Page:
• When designing a query, it often makes sense to get a general sense of the amount of relevant material in the collection. For this tutorial, we are looking for discussion of a specific topic: the Eurovision Song Competition. The ESC has had a relatively consistent name throughout its history, though there are some variations in use, particularly between languages: in Dutch it is usually the ‘song festival’, sometimes ‘song contest’ in English, and in many languages it is simply called “Eurovision” for short (“Eurovisie” in Dutch). As such, one is most likely to arrive at all instances by using “Eurovision” as a one-word query.

  • Because ASR in the media suite is trained only to recognize Dutch (with some exceptions we will explore below), it is a good idea to use Dutch terms when searching in the media suite.. For a Dutch-language search, the more common Dutch term “Eurovisie” would be most useful as a search term. However, many specialised terms also exist in other variants, so it may also be worth trying “Eurovision”. Take a moment to try out the different variations to develop a sense of the materials’ relevance. Note that the Media Suite also allows you to search on parts of a word by using an asterisk ( * ) for the rest of the word. This can be useful when looking for different conjugations from a root word, for example. In this case, it will also allow us to search for both English “Eurovision” and Dutch “Eurovisie” at once if we use “Eurovisi*”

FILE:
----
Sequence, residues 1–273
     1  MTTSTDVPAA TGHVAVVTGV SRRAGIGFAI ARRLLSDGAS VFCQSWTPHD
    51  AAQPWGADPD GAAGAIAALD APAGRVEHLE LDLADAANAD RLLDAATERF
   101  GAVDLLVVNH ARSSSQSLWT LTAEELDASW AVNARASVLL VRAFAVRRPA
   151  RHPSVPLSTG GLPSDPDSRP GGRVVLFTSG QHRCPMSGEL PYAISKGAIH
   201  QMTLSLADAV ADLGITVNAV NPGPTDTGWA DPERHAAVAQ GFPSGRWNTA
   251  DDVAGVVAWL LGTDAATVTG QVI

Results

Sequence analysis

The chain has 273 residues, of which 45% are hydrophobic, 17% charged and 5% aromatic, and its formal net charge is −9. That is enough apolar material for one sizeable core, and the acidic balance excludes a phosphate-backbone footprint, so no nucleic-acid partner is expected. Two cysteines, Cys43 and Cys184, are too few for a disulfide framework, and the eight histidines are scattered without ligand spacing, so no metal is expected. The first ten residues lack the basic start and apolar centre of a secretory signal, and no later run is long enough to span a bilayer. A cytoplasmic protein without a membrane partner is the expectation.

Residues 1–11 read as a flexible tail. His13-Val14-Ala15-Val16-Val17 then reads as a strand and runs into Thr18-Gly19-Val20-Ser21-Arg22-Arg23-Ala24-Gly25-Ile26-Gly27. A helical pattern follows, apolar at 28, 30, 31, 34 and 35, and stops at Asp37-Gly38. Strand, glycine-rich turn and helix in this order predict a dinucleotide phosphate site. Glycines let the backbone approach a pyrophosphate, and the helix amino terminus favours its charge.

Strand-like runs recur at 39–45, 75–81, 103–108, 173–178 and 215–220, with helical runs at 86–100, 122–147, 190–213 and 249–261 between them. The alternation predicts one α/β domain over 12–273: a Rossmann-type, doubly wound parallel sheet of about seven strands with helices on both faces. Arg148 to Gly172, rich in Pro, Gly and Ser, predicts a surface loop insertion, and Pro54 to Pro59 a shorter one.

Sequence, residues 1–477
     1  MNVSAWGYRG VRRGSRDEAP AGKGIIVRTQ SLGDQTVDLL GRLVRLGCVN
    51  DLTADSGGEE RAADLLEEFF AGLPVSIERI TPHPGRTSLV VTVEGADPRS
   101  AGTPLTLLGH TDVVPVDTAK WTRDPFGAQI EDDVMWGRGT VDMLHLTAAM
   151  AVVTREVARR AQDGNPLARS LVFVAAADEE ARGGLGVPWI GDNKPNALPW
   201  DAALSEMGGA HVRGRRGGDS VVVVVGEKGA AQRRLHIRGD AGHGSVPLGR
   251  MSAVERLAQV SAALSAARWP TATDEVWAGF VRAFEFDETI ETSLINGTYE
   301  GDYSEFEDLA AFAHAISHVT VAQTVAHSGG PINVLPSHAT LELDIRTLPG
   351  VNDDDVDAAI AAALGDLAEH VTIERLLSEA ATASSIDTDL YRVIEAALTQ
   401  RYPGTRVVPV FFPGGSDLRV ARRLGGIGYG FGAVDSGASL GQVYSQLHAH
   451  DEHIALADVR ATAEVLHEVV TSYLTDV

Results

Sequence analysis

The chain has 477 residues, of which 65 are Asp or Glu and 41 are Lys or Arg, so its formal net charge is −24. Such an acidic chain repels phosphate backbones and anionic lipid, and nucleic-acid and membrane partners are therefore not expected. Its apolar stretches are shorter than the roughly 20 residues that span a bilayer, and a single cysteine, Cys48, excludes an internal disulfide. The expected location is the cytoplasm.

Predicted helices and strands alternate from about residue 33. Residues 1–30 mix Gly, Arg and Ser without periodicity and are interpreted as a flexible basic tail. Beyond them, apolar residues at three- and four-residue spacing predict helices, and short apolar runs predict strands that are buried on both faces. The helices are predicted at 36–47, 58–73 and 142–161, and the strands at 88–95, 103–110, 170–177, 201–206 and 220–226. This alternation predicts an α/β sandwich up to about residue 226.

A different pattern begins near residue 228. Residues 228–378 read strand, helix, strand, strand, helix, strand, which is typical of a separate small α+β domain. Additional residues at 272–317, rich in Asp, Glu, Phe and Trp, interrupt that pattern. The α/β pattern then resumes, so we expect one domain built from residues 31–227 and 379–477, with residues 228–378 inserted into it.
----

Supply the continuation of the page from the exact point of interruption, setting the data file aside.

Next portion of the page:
This basic query can give you some insights already into how often the topic appears at all in the archive, and can also serve as a comparison with a more refined query. As such is a good idea to save this query.

By way of comparison: try doing the same search only in the archival metadata layer (titles, descriptions, subject keywords, etc.) without the ASR transcripts – how big is the difference in number of records?

  • Having established that there is a baseline of records that respond to your query, it is now possible to think about how you might refine your search toward a more specific question. You might wonder, for example, how often specific countries or artists are mentioned, or whether specific terms come up in discussion. One way to approach this is by using Boolean operators. Possibilities are: